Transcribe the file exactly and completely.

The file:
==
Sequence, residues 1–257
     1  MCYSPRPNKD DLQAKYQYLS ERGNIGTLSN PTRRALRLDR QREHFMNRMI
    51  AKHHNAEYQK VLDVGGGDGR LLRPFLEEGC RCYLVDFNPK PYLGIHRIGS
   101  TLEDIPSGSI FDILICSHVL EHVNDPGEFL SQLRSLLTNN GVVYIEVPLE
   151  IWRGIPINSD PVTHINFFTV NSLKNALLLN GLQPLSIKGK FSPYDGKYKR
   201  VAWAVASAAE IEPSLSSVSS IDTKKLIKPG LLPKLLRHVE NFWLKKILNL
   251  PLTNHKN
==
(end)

Sequence, residues 1–257
     1  MCYSPRPNKD DLQAKYQYLS ERGNIGTLSN PTRRALRLDR QREHFMNRMI
    51  AKHHNAEYQK VLDVGGGDGR LLRPFLEEGC RCYLVDFNPK PYLGIHRIGS
   101  TLEDIPSGSI FDILICSHVL EHVNDPGEFL SQLRSLLTNN GVVYIEVPLE
   151  IWRGIPINSD PVTHINFFTV NSLKNALLLN GLQPLSIKGK FSPYDGKYKR
   201  VAWAVASAAE IEPSLSSVSS IDTKKLIKPG LLPKLLRHVE NFWLKKILNL
   251  PLTNHKN